I feel like I have been slacking on the blog lately, since I have been sewing, sewing, sewing! But I’ll take a break from the needle to share a little festive recipe this morning. Whether you’re celebrating Halloween or Reformation day, or just glad it’s fall, this is a wonderful, comfort food kind of breakfast- Pumpkin Waffles! I’m trying to think of a funny cooking anecdote to go along with this recipe, but for now, here are your ingredients (just ignore the baking soda- there isn’t really any in this recipe.)
I am doubling the original recipe here, because I like to make a lot and freeze the leftovers for future breakfasts. But I’ll give you the regular measurements as I go. Start with your wet ingredients. In a large bowl, combine
1 cup of pumpkin puree, either canned or fresh
I cup of buttermilk (regular milk works fine)
1/2 a stick of butter melted
A splash of vanilla (not pictured)
Now I like to separate my eggs for waffles. This is not absolutely necessary, but if you beat your egg whites, it makes for a nice light and crispy waffle. So either crack two eggs into the bowl, or just the yolks, and set the whites aside.
Now for the dry ingredients. In another bowl, stir together
2 cups all purpose flour
1 Tablespoon baking powder
1/4 cup of sugar
Your favorite pumpkin spices to taste- here I used about 1/2 tsp nutmeg and a hefty dose of cinnamon
Add the dry to the wet and stir until barely combined.
If you separated your eggs, now is the time to get out your mixer and beat them until they are stiff.
Aren’t eggs amazing?
Just gently fold the whites into your batter. It should be fairly thick when combined.
Now get your waffle iron, (or irons as the case may be) warmed up.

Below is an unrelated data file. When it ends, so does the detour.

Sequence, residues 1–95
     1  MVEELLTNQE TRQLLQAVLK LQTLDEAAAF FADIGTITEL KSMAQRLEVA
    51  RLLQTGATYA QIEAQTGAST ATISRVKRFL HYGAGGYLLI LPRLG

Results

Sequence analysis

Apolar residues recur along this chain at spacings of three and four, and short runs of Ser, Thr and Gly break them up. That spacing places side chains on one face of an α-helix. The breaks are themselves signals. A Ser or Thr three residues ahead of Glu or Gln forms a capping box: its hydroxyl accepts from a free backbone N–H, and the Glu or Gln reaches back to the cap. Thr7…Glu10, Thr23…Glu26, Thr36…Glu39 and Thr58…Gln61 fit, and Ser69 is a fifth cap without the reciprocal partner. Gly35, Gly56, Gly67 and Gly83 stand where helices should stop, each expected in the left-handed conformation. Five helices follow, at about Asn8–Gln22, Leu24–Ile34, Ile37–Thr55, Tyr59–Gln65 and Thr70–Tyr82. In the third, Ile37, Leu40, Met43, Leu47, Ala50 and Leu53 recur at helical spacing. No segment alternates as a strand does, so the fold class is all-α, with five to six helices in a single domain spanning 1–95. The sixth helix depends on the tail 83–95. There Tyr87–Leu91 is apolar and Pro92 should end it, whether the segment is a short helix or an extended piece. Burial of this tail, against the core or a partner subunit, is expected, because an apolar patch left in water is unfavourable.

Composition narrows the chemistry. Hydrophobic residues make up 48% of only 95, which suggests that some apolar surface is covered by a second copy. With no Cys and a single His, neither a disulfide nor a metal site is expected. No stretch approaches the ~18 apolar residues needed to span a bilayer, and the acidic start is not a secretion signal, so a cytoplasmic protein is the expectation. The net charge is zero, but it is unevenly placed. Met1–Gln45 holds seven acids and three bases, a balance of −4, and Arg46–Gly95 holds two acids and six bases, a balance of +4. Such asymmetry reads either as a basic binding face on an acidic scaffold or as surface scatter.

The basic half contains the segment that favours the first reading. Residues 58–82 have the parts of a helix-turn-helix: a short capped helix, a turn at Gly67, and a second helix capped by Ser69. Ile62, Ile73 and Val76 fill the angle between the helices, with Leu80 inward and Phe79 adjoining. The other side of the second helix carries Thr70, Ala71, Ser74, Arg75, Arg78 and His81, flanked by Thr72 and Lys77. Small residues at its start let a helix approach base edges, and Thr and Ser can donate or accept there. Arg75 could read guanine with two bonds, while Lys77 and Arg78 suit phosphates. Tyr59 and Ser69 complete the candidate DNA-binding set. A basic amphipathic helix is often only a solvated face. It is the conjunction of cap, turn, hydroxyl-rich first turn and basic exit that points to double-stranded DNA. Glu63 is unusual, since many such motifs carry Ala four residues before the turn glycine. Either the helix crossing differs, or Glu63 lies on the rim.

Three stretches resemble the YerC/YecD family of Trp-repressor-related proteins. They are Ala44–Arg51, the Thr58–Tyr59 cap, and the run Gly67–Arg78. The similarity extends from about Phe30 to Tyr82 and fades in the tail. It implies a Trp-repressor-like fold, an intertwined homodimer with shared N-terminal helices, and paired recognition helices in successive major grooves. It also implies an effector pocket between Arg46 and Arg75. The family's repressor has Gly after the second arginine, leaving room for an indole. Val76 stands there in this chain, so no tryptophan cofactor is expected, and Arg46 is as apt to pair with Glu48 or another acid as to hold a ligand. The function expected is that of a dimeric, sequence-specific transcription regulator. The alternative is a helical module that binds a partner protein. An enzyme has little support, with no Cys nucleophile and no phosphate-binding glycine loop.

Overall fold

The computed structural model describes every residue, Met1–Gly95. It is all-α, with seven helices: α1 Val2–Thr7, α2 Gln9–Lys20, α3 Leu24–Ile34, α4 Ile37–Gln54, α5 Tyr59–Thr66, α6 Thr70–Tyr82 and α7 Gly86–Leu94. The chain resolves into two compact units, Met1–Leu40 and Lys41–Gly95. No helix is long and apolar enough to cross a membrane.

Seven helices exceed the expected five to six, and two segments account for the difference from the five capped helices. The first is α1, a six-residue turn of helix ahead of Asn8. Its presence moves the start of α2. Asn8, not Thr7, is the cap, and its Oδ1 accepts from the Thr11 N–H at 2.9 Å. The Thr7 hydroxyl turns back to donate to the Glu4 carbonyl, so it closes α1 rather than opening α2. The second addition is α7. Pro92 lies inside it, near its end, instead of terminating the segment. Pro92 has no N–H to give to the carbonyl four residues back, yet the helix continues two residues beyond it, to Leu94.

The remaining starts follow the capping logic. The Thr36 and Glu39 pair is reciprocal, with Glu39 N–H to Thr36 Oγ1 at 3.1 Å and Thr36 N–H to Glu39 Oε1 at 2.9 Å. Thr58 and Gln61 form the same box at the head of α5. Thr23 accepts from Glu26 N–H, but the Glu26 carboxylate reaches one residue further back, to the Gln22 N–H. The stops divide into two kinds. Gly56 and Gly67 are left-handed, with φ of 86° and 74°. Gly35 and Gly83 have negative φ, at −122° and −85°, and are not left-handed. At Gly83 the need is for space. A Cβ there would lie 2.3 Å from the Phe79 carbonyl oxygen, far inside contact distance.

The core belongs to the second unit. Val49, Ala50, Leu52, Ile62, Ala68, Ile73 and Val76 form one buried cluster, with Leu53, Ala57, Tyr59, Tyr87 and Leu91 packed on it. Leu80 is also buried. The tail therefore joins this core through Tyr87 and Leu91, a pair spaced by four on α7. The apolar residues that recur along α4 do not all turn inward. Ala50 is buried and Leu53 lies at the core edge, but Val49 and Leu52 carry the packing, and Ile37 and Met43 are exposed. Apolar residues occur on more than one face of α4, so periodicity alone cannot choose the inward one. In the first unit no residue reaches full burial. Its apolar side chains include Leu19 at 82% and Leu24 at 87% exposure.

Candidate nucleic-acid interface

Ooh, wait, I just remembered a funny waffle anecdote! Humor me, would ya?
Back when we were young, carefree and child free, (is that redundant?) my sister and brother in law came for a visit. I decided to make these waffles for breakfast. All went well- no baking powder mis-measurements or burnt waffles. But we were in a hurry to get out the door for something, and instead of pulling the last waffle out, I just unplugged the iron, so it would stop cooking, and off we went. When we got home hours later, I grabbed the iron and stuck it back in the cabinet, never thinking to check if there was still a waffle in it.
Had it been a regular waffle, it probably would have simply dried into a crispy waffle cracker, no harm done. But because of the moist, sugary pumpkin content, it grew into something black, hairy and terrifying. The next time we had waffles, say about three weeks later, I of course didn’t check the iron to see if there was an old growth of waffle inside, but plugged it in to warm it up. The resulting smell was truly the stuff of Halloween horror stories. When I finally discovered the source, I could hardly open the thing. Not only was I afraid, but it was pretty well glued together by three week old pumpkin muck. I was brave enough to try to clean it, but all the non stick covering came peeling off with the old waffle, so it ended up in the trash. Let that be a lesson to us all. Don’t leave these waffles in your waffle iron!
So as I have been rambling on, you should have made a decent stack of waffles by now. These are great with maple syrup of course, but since it’s a holiday, I decided to make a fabulous little sauce that we only have on very special occasions, since it really is positively sinful. Toffee sauce!
And here you were, thinking I was gonna post a recipe without whipping cream. Trick or treat!
In a saucepan, if you dare, combine
1/2 cup brown sugar
1 stick of butter
1 cup of heavy cream
Told you it was sinful. Now let it come to a simmer until it is nicely combined and a wonderful toffee color.
This sauce goes well with tons of things- over cakes, on ice cream, and you wouldn’t believe what it does to a cinnamon roll. But today, pour it liberally over your crispy, spicy, delicious waffles, and don’t think about tomorrow. It is bulky sweater season after all!
2 thoughts on “Pumpkin, of course!”
Ha, I was going to remind you of this story, but apparently you didn’t need my help after all :).